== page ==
Image courtesy of New England Patriots
Tickets for the Colts-Patriots game in Germany during Week 10 of the NFL season went on sale Tuesday morning and almost instantly sold out.
Every seat in Frankfurt Stadium will be filled on November 12 when Mac Jones, Bill Belichick and the rest of the Patriots take the field against a (most likely) mediocre Indianapolis teams. It’ll be the fourth time the Pats have played an international game and the first time since 2017.
The sellout says a few things, but the biggest (and most important to the owner) is that this team is still going to be a draw, even without a playoff win in four years. Part of this is obviously just a unique, rabid interest from the German fans as we all saw during the Seattle-Tampa Bay game last year, but I can’t imagine many Colts fans were gobbling up seats to go party in Frankfurt. The question marks surrounding the present and future of this team are all intriguing, so don’t be surprised if there are a lot of jorts and Bruschi jerseys crushing beers all around Germany. People still care.
This has turned into a football town first and foremost since about 2008, and the cloud of mystery that continues to surround the greatest coach of all time still draws a ton of attention. How many other places can have full phone lines on two different radio stations yelling about the football team in July? Sure, the Red Sox sucking helps, but there’s only a handful of cities that can match the passion Bill Belichick brings out of people, whatever side you’re on at this point.
If this game was between the Commanders (I wrote Redskins twice before finally remembering what their friggin name was) and let’s say, the Panthers, there’s no chance that the the “virtual waiting list” reaches 3.1 million and that every ticket is gone within a half hour. There’s also no chance that the Colts fan base is bringing that type of instant demand for tickets.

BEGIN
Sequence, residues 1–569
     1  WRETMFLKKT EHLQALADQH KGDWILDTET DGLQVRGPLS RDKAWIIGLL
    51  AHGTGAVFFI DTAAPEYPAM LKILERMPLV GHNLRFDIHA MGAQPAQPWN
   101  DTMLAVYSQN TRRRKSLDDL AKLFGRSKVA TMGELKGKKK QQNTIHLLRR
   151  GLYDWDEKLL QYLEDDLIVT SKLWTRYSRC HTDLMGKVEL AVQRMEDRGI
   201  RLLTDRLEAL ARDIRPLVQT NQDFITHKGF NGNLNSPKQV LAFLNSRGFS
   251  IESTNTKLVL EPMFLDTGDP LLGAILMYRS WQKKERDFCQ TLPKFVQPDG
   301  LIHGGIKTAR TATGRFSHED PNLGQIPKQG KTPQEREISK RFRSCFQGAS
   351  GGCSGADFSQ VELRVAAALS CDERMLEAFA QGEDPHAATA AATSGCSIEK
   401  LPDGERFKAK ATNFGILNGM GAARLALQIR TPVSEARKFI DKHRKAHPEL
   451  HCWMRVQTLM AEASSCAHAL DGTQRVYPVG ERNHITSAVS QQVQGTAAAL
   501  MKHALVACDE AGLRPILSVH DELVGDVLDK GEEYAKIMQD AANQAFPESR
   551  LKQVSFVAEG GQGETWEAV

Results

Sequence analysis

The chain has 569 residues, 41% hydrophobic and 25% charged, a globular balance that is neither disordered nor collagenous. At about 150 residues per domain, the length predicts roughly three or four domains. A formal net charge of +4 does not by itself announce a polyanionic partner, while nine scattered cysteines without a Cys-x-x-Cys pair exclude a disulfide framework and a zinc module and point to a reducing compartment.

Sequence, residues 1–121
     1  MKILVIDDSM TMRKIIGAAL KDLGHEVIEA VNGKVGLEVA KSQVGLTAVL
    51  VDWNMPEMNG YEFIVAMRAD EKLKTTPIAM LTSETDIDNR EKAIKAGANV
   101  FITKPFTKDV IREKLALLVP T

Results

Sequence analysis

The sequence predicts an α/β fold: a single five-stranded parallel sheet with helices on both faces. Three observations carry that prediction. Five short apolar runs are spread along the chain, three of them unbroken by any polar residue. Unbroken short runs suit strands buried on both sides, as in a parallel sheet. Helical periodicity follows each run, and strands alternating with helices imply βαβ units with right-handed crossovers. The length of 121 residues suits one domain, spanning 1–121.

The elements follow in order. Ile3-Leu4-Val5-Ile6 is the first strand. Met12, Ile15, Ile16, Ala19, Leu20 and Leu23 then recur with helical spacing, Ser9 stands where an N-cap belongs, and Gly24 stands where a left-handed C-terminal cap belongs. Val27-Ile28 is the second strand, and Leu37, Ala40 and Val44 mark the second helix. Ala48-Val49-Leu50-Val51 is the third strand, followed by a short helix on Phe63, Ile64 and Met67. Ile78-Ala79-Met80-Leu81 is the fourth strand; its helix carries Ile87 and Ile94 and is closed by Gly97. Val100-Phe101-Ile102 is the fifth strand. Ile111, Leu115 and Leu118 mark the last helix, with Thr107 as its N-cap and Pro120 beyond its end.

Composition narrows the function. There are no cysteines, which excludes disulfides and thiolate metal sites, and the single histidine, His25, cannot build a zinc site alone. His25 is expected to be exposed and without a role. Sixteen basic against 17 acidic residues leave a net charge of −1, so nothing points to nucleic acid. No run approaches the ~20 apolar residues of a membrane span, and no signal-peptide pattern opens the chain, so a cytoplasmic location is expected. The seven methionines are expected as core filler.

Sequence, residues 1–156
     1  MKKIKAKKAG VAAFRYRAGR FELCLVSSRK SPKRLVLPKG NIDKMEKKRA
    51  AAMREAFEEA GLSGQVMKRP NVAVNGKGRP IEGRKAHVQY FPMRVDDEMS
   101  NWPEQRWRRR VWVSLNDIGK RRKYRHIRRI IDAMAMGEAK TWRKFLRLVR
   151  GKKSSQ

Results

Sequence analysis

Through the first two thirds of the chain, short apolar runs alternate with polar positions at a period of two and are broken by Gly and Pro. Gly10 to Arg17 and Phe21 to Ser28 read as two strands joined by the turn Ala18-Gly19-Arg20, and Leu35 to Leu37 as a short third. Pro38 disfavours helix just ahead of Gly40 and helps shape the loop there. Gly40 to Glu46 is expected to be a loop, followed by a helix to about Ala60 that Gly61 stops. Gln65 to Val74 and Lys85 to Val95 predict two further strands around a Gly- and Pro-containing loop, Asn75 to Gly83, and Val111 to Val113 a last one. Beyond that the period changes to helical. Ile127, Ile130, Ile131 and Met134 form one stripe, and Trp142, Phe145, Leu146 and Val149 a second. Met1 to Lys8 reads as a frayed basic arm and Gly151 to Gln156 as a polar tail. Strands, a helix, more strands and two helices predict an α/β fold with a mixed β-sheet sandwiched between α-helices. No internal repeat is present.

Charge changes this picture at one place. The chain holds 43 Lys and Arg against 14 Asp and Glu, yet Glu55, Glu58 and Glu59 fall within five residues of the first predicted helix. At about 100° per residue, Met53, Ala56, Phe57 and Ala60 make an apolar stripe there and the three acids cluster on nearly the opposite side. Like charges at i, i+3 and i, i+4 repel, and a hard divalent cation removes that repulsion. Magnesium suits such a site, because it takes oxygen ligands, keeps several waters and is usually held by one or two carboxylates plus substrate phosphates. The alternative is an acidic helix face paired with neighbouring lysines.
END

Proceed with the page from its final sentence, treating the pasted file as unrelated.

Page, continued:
The Patriots also announced on Wednesday that they’ll be practicing at the German National Soccer Team’s facility when they head to Frankfurt, and Germany’s National Team will practice at the facilities in and around Gillette Stadium during a trip here for a match in Hartford in October.
“We know how popular the Patriots are in Germany and can’t wait to travel to Frankfurt this fall to play before so many passionate fans,” Joe Dorant, senior director of sales operations for Kraft Sports & Entertainment said in the release. “As the Patriots continue to expand our reach into the DACH region in year two of the NFL’s Global Markets Program, we are looking for strategic partners to help build stronger business relationships to help us reach new audiences. With DFB’s proven success, both domestically and globally, they are the perfect partner to do so. As owners of the New England Patriots and the New England Revolution, Kraft Sports & Entertainment will benefit from this partnership and on-going collaboration.”
The national and local media here may think the Patriots are dead and buried as a contender, but that’s not how the rest of the world views this organization. International fans are still sort of getting into American football the same way many here are getting into the Premiere League and other international soccer entities. The current roster and coaching staff certainly can’t sit back on the six championships that are now a distant memory, but the Patriots brand can and will continue to do so for quite some time, especially in other countries.
The ‘flying Elvis’ logo isn’t on the same level as the Cowboys star, the Lakers logo or Yankees’ NY, but it most definitely is at the table and there to stay.